As per the latest cryptocurrency report, a majority of initial coin offerings, or ICOs, were scams while only a small percentage traded successfully on an exchange.
The study released by Satis Group on July 11 is one of the research notes of the five-piece series and covers the burgeoning crypto asset market. It revealed that more than 78% of ICOs listed in 2017 were fraudulent projects, while 4% failed and 3% had died. Thus, only 15% of ICOs were successfully involved in a trade on an exchange.
Scams and Scams
A similar report released by a team at Boston College revealed that more than half of the recently examined projects became inactive within four months of the sales.
Talking about the exact figures that have gone into ICOs, only 11% of funding went to unidentified scams, or about $1.3 billion, which drops to 0.3% when you take the three biggest scams – Savedroid ($50 million), Pincoi ($660 million) and Arisebank ($600 million) out of the picture.
Since then, all these fraudulent projects have become subject to extensive regulatory action. For instance, the state of Texas released a cease and desist order against Arisebank in late January and ordered that they should no longer continue to serve consumers.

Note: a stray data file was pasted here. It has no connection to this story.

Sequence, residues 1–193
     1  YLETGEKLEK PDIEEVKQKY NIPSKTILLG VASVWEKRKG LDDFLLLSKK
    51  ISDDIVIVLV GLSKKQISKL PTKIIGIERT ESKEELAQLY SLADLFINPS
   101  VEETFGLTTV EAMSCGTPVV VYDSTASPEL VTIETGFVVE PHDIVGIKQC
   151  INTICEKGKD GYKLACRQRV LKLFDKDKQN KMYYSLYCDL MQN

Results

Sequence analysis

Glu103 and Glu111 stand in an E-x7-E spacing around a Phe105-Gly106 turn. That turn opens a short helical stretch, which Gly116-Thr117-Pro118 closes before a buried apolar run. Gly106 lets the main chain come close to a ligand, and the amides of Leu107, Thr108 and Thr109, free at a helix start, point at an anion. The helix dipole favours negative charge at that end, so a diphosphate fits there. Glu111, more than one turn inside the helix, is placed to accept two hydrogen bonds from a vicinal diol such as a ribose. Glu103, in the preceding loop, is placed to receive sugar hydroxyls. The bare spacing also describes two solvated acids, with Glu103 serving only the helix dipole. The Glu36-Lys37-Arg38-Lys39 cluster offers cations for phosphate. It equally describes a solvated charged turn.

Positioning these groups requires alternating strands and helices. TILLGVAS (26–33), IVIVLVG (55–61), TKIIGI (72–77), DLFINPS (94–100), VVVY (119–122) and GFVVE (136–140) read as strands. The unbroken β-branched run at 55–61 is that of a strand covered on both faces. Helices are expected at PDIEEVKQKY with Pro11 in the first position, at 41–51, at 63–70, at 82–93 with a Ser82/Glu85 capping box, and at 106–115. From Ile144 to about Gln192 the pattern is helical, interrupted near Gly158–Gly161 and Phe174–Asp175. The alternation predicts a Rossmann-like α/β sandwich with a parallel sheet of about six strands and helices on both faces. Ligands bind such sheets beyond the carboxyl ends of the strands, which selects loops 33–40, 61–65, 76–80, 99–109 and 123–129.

Additionally, the Satis report also disclosed that ICO fundraising for token-operated networks has shown tremendous progress over the last year, and have raised more than $7 billion in global funding to date. This is almost 50% of the total amount raised in 2017, although Bitcoin faced a severe price decline.
A different study released that thousands of ICOs that were launched before May this year, almost half of them have failed within the first four months of their operation.
According to the Federal Trade Commission (FTC), cryptocurrency scams worth $542 million have already come to notice within first two months of 2018, and it is expected that the figure is going to touch $3 billion by the end of this year.
ICOs Are Still On the Rise
Even though 78% of the ICOs listed in 2017 turned out to be scams, ICOs are still on fire, and we can expect this year to be the beginning of an innovative era.